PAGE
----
Plan BeerSheba announced by the Australian Defence on December 12, 2011 aims to ensure that the country continues to contribute forces to operations including Afghanistan and successfully transition to a force that is able to respond effectively to future challenges, including humanitarian assistance and disaster relief and other operations. The restructuring of the ground forces designed to achieve a greater integration of the Regular Army and reserve component, introduce amphibious operational capabilities of the Australian land forces.
Planning for the next phase of the Adaptive Army Campaign, the Army will form three new Multi-role Maneuver Brigades with the 1st, 3rd and 7th Brigades. Each brigade will be supported by two reserve brigades. Adapting to a mission dependent formation, each brigade will be able to generate 7-10 subunits. Under Plan BeerSheba ten battle group maneuver units will be formed to support this formation. The Multi-Role Maneuver Brigades will include infantry, armor, artillery, engineers, logistics and communications and will be fundamentally alike in structure, to enable sustained operations within a new 36-month Force Generation Cycle. The six Army Reserve Brigades currently operating under the 2 Division forming the Reserve Force will be more focused on stability operations. These units will be structurally aligned with their regular counterparts. Through the training cycles they will be involved in major exercises with their partnered Multi-role Maneuver Brigades.
The new Landing Helicopter Dock (LHD) ships represent a fundamental shift in how Army will deploy land forces and conduct operations in response to the full spectrum of scenarios in the future. Under Plan BeerSheba the Army will dedicate its 2nd Battalion, Royal Australian Regiment (2RAR) for amphibious operations, forming the core capability to support humanitarian and disaster relief operations, particularly in the Southern Pacific. As part of this move, Army units will be trained with the Royal Australian Navy new LHD ships and other amphibious platforms.
As part of this program the Army’s 2nd Division (Reserve) will be fielding the Bushmaster Protected Mobility Vehicles gaining protected transport. Units receiving the armored vehicles include the Melbourne based 4th Brigade / 19th Prince of Wales Light Horse squadron and a new armored squadron to be based in Queensland. According to the Commander 2nd Division, Major General Craig Williams, the reserve division will be realigned with the regular army, with two reserve brigades linked to each multi-role maneuver brigade.
“The 2nd Division will be aligned with the 36 month Force Generation Cycle and assigned preparedness levels.” Williams said, “There will be a significant increase in the operational focus of the Reserve which will be effected through the development of habitual relationships between reserve brigades and the regular multi-role maneuver brigades.” Major General Williams added.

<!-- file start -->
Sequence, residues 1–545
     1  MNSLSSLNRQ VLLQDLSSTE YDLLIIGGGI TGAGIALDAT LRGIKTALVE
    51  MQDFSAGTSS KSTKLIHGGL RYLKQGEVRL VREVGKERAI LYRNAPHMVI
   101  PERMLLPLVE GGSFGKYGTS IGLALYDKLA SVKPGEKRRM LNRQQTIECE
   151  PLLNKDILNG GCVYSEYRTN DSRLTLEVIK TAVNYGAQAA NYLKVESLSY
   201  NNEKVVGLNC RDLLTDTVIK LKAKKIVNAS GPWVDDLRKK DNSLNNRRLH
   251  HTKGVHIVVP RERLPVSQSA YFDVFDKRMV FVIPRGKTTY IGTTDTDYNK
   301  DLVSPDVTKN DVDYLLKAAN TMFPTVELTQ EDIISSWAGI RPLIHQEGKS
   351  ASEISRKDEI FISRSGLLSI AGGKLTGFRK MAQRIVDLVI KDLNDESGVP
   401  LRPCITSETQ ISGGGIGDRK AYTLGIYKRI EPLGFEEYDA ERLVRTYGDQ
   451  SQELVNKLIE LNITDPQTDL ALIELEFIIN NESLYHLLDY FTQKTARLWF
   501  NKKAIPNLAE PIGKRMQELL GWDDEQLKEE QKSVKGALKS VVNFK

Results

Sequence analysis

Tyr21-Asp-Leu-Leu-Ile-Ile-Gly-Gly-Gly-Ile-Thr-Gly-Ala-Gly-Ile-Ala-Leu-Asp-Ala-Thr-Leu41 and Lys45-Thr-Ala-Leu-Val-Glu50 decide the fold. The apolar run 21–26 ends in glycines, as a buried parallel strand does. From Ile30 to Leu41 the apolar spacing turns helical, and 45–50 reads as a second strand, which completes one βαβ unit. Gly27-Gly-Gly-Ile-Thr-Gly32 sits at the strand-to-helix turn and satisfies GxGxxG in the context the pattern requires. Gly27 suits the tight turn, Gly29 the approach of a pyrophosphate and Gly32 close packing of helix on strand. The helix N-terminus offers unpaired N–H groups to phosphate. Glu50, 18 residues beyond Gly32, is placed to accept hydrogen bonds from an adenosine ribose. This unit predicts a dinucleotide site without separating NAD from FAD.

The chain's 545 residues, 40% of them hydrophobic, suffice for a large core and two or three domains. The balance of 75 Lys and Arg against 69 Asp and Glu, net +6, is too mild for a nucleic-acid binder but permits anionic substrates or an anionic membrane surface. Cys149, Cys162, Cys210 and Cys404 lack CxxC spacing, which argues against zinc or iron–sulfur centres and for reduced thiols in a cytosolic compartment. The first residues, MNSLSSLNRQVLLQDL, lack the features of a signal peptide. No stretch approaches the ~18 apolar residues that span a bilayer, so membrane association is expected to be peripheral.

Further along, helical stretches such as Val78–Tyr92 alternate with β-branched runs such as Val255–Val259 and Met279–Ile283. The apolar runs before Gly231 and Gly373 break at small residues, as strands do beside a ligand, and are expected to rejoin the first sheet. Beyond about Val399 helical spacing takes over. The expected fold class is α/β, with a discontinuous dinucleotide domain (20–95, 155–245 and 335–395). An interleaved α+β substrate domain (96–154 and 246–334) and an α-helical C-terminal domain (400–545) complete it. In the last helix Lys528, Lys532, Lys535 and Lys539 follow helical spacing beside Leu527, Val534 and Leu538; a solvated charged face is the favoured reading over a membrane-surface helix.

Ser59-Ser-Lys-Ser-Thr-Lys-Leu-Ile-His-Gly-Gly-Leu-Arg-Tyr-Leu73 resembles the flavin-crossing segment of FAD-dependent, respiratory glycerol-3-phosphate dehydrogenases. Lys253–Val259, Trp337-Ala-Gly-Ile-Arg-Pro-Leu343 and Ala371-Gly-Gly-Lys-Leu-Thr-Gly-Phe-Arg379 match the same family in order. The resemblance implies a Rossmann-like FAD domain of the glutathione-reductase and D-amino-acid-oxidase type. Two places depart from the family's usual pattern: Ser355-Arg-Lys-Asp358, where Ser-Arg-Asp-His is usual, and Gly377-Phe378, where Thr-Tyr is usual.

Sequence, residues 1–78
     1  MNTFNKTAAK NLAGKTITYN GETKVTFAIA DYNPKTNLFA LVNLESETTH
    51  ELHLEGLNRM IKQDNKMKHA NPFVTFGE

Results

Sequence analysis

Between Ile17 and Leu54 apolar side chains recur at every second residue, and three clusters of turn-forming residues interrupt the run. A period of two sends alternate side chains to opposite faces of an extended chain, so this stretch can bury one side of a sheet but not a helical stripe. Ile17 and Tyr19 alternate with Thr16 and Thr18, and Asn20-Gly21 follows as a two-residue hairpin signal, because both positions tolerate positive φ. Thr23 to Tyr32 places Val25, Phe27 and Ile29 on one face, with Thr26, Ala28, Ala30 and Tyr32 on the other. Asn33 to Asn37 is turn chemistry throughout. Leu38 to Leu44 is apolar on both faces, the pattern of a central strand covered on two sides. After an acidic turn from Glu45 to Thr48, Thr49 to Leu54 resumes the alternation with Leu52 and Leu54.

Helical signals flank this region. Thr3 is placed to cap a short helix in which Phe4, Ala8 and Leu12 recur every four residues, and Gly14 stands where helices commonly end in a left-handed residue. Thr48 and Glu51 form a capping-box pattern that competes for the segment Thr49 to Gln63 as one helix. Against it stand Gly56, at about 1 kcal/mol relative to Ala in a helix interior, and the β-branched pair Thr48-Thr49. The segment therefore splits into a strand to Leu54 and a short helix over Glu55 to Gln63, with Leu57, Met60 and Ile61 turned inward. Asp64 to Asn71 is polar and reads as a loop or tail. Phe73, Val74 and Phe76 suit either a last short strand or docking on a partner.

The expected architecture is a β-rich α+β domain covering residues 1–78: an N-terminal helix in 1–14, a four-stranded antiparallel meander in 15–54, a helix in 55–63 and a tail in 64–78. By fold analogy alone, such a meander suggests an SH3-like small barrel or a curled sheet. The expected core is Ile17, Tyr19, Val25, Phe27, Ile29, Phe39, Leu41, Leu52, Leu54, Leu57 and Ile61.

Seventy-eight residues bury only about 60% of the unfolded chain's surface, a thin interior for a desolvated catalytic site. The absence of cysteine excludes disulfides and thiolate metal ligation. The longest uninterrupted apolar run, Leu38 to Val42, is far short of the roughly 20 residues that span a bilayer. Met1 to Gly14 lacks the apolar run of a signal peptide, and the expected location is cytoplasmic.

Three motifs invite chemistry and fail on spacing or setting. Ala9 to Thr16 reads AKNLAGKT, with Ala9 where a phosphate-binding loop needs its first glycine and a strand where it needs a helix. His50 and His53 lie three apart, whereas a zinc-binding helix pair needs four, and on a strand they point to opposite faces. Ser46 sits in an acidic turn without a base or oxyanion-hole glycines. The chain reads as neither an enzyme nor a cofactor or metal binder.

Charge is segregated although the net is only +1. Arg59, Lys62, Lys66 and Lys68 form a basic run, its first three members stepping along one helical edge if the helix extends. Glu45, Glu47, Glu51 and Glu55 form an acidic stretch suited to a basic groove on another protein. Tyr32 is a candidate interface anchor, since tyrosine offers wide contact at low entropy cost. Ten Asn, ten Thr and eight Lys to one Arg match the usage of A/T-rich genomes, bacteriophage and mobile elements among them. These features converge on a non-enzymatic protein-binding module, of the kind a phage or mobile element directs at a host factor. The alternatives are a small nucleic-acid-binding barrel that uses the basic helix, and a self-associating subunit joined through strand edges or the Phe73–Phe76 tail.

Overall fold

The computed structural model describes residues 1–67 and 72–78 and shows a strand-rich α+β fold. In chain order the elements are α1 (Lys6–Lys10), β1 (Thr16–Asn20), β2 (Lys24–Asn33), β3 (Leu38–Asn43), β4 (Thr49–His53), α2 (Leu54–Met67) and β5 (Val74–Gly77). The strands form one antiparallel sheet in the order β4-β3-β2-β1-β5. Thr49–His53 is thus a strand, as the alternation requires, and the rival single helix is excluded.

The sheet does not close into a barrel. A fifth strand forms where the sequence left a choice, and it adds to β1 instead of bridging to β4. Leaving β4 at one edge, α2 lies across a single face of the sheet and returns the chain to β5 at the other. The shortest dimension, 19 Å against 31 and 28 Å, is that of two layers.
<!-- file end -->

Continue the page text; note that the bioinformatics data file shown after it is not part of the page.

Major General Jim Barry (Retd), President, Defence Reserves Association (DRA) calling the new plan , Major General Jim Barry (Retd) describes the new plan as “the most important structural change for the Army Reserve in decades. There is now a defined operational focus which the DRA has been advocating for some time.” Barry said.
“It is very difficult to predict what types of operations we will have in our immediate future and that augers for a force that is better balanced than what we have at the moment.” Lt. General David Morrison, Chief of the Australian Army explained, “The structures that have formed around our First Brigade in Darwin or our Third Brigade in Townsville or our Seventh Brigade in Brisbane have served Australia well, without doubt and all of the plans that drew those Brigades into that shape during the ’70s and early ’80s, I think, has shown the sense of that, at the time. But over the last 12 years, with the types of operations that we’ve been involved in, we’ve had to replace units in operational theaters that haven’t looked like those forces that they’re taking over from.”
“We’ve replaced light infantry with mechanised infantry and we’ve replaced them in turn with motorised infantry. We had to re-skill people and prepare them in a different way for the types of operations they had been asked to do.” Morrison added, “It’s been pretty – it’s met what we’ve been required and, as I said, the performance of our soldiers, I think, has been second to none. But it has been less than efficient. What we need is an army that is better balanced across its force structure, both in terms of its regular forces and its reserve forces.”